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The Importance of Renal Function in Evaluating Response to Resynchronisation Therapy in Patients with Heart Failure after Implantation of Cardiac Resynchronisation Therapy and Defibrillator

Author(s): Agnieszka Debska-Kozlowska, Marcin Ksiazczyk, Andrzej Lubinski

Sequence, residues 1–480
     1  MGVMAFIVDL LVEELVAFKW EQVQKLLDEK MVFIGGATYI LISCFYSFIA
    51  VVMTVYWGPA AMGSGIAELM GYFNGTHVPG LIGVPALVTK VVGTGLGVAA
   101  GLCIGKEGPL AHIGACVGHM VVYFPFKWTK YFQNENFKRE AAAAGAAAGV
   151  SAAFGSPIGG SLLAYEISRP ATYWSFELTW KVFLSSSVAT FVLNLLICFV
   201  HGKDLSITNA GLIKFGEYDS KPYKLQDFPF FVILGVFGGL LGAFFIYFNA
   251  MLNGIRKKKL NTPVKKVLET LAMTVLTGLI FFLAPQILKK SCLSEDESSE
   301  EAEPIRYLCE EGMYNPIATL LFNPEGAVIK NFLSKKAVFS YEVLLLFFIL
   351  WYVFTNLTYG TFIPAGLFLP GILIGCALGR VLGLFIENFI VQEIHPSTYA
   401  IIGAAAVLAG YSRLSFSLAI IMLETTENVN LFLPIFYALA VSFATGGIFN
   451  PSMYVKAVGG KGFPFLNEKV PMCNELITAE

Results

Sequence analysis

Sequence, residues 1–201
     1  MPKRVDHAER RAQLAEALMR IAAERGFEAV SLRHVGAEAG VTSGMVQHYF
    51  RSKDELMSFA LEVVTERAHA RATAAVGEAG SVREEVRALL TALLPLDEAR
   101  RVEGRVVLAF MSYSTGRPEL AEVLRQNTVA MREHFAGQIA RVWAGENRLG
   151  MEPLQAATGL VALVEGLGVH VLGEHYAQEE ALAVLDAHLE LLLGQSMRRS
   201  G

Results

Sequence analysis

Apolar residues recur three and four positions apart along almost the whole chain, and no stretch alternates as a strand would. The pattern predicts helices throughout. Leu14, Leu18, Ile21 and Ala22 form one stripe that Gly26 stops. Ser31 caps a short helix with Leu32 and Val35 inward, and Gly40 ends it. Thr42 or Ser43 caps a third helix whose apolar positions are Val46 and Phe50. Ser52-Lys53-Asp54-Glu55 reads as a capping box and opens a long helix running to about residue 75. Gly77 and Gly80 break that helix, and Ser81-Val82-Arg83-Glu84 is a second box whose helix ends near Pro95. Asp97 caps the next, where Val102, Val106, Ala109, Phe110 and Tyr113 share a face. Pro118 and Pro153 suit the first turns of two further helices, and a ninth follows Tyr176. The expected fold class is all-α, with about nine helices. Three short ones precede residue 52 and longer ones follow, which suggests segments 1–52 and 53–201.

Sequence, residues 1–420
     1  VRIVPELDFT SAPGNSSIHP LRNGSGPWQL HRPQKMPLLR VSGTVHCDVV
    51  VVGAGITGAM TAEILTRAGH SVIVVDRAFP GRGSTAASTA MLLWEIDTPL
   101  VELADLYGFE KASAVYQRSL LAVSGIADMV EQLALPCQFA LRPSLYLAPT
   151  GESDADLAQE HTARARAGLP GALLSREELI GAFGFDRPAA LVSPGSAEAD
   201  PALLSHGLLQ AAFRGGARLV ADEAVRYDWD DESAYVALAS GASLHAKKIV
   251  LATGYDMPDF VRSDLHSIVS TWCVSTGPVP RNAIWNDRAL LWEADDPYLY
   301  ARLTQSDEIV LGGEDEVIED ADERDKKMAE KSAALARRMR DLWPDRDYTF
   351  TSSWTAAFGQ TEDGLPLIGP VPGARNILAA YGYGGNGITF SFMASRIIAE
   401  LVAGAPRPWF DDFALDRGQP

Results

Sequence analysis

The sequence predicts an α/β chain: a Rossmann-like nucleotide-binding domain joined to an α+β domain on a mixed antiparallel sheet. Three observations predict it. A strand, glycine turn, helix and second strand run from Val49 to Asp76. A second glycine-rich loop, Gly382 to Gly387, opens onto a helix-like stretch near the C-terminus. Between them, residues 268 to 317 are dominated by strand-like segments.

Cardiac resynchronisation therapy (CRT) has a well-established position as one of the forms of treatment of selected groups of patients with heart failure (HF). Unfortunately, according to different data from the literature, the percentage of patients not responding to treatment using CRT remains consistently high and is estimated at around 20% to nearly 50%, according to the accepted definition of response to resynchronisation therapy. The aim of our work is to assess the impact of renal function in evaluating the response to resynchronisation therapy in a 12-month observation. The study included 46 patients with heart failure meeting the criteria and qualified for implantation of cardiac resynchronisation therapy and defibrillator (CRT-D), hospitalized in the Department of Interventional Cardiology and Cardiac Arrhythmias of the Medical University of Lodz. A responder to CRT was defined as a person who lived a certain time of observation with no episodes of HF exacerbation and improved his/her physical fitness referring to a decline in functional class by at least 1 degree according to the NYHA. In our study we determined empirical cut-off points for initial concentrations of creatinine and GFR-MDRD which can predict positive therapeutic response to CRT. The effect of resynchronisation therapy on improving kidney function remains debatable and requires further research.

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